Waterfalls, trophy drops, and stellar scenery make California’s Dinkey Creek a kayaking paradise, but can it be run in a raft? When a crew decided to try, Darin McQuoid brought his camera to capture the action.
In 1989, after the first descent of Dinkey Creek, Paul Martzen said, “A high performance inflatable might be good for this run.” Little did he know, it would take twenty-five years for this to happen.
The waterfalls of Dinkey Creek, in the Sierra National Forest, have unparalleled whitewater. Six miles of glorious action, the first mile hitting over four-hundred feet per mile with only one portage. For many it has become a seasonal pilgrimage.One day there’s an email in my inbox asking about the possibility of rafting Dinkey Creek. It sounds like a good idea, until one of the potential rafters asks to borrow a sleeping bag.
Jump ahead a few more years and Dan McCain’s inquiry about rafting Dinkey Creek doesn’t seem that far-fetched. A year before Dan and Jeff Compton proved their ability to tackle the most challenging of river puzzles by completing the Middle Fork of the Kings River (check out their video here). A trip through the waterfalls should be a walk in the park for these guys.
As far as Sierra Nevada rivers go, Dinkey Creek is easy to estimate when it will be in. At least that’s true in a typical year. Tragically, we’re in the middle of record-setting winter for low snow pack, and when flows come up, we know it’s go time with little notice.
We meet on the late morning of April 10th, which feels strange for a run that typically has the right water level in mid-summer. An advantage is that April temperatures are far lower than the triple digits of July and August. This is of considerable benefit, since the raft, which can’t slide down half of the sixteen-hundred foot descent to the river, turns the mile-long hike into an arduous trek.
By now, we’re a little worried. I’ve never seen a raft go down anything this big and we have enough food for only one night. Putting on at three in the afternoon is certainly not part of the plan.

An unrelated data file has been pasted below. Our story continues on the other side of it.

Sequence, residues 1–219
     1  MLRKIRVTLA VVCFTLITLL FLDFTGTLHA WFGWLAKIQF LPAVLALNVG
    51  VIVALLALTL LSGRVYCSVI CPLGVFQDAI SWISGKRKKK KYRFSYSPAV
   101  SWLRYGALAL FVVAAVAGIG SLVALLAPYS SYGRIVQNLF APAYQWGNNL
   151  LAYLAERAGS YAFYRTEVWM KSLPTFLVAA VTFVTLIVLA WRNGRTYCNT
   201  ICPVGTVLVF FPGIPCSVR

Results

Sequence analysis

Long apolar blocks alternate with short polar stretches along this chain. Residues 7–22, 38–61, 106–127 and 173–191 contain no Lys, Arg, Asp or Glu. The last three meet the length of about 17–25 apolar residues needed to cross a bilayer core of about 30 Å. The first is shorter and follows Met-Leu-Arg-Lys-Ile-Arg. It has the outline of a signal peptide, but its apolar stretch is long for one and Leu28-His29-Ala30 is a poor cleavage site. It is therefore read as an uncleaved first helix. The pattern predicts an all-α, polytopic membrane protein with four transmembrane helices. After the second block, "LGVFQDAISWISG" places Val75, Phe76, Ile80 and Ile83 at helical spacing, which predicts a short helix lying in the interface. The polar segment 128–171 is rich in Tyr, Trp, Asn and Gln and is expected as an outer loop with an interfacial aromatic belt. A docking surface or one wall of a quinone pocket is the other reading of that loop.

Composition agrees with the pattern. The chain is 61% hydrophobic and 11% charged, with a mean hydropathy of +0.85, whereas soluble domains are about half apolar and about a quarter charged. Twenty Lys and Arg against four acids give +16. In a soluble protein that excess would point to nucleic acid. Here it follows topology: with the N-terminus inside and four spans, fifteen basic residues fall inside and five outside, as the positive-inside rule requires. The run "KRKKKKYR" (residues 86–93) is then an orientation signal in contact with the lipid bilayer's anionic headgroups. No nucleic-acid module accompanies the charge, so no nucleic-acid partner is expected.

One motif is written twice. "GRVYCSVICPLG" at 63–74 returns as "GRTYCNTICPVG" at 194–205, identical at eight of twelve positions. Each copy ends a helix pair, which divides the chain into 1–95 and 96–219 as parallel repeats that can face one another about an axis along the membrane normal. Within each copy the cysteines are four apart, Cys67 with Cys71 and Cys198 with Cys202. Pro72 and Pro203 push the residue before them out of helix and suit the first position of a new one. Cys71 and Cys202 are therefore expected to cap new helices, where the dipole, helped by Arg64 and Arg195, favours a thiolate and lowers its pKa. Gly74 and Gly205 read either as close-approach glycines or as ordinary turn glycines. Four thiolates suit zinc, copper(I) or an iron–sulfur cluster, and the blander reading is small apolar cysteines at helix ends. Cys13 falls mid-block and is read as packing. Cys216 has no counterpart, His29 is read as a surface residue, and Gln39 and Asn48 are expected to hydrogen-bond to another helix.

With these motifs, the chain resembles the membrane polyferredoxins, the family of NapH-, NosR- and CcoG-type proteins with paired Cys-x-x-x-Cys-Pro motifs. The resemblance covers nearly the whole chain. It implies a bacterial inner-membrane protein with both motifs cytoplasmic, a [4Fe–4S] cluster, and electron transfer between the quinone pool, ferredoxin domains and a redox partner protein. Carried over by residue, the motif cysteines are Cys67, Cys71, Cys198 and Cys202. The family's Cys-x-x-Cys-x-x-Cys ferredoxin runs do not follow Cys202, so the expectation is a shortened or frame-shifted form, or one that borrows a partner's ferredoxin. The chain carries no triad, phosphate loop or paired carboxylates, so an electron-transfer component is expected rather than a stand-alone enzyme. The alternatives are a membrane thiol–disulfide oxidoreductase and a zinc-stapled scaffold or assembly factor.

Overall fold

The moment we hit the water everything coalesces. We’re all veterans of the river; we speak the same language and move quickly, attempting to capture as many images as possible. (It’s not like we see rafts tackling this kind of gradient every day.) All the kayakers are pleasantly surprised with how swiftly the raft team moves downstream and handles the first portage.
At camp we take note to always bring a raft—it’s fantastic for gathering firewood. To hit maximum flow, we start early the following morning, putting on a touch before eight. A true Calpine start. In our groove, the day progresses rapidly and without complications.
The normally brown foothills are clothed in gold this early in the spring, a fitting backdrop for one of the world’s finest gems of whitewater.
After a successful descent, Dan McCain sums up the trip perfectly:
“The Dinkey Creek trip was one of those trips that exceeded all expectations. We were very fortunate to have a great crew of people to take us down a truly unbelievable section of whitewater. Everything that you read about the waterfall section of Dinkey is true. The scenery is out of this world, the endless drops are big and clean, separated by big pools, and the canyon is truly amazing. It is a six-mile stretch of whitewater that will put an ear to ear grin on any paddler’s face!”